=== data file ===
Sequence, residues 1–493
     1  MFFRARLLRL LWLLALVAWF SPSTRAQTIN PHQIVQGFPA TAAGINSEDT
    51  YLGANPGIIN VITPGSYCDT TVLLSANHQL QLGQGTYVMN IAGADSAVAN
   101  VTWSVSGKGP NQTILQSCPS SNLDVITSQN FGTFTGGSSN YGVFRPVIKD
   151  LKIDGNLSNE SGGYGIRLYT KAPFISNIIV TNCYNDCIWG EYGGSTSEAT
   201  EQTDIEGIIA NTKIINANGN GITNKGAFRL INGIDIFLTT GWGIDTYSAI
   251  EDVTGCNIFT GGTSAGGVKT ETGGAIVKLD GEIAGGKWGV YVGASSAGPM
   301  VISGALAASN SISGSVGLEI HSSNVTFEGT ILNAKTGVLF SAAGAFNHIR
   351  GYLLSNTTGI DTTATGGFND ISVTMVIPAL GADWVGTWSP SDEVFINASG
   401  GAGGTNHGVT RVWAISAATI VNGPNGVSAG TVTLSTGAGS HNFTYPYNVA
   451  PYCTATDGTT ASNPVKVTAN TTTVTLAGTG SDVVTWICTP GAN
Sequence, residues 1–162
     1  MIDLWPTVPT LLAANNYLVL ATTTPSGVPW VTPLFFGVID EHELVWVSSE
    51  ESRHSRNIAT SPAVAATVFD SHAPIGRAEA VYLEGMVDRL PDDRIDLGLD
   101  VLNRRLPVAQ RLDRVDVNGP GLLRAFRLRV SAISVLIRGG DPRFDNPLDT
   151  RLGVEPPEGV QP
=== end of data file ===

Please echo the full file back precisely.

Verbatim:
Sequence, residues 1–493
     1  MFFRARLLRL LWLLALVAWF SPSTRAQTIN PHQIVQGFPA TAAGINSEDT
    51  YLGANPGIIN VITPGSYCDT TVLLSANHQL QLGQGTYVMN IAGADSAVAN
   101  VTWSVSGKGP NQTILQSCPS SNLDVITSQN FGTFTGGSSN YGVFRPVIKD
   151  LKIDGNLSNE SGGYGIRLYT KAPFISNIIV TNCYNDCIWG EYGGSTSEAT
   201  EQTDIEGIIA NTKIINANGN GITNKGAFRL INGIDIFLTT GWGIDTYSAI
   251  EDVTGCNIFT GGTSAGGVKT ETGGAIVKLD GEIAGGKWGV YVGASSAGPM
   301  VISGALAASN SISGSVGLEI HSSNVTFEGT ILNAKTGVLF SAAGAFNHIR
   351  GYLLSNTTGI DTTATGGFND ISVTMVIPAL GADWVGTWSP SDEVFINASG
   401  GAGGTNHGVT RVWAISAATI VNGPNGVSAG TVTLSTGAGS HNFTYPYNVA
   451  PYCTATDGTT ASNPVKVTAN TTTVTLAGTG SDVVTWICTP GAN
Sequence, residues 1–162
     1  MIDLWPTVPT LLAANNYLVL ATTTPSGVPW VTPLFFGVID EHELVWVSSE
    51  ESRHSRNIAT SPAVAATVFD SHAPIGRAEA VYLEGMVDRL PDDRIDLGLD
   101  VLNRRLPVAQ RLDRVDVNGP GLLRAFRLRV SAISVLIRGG DPRFDNPLDT
   151  RLGVEPPEGV QP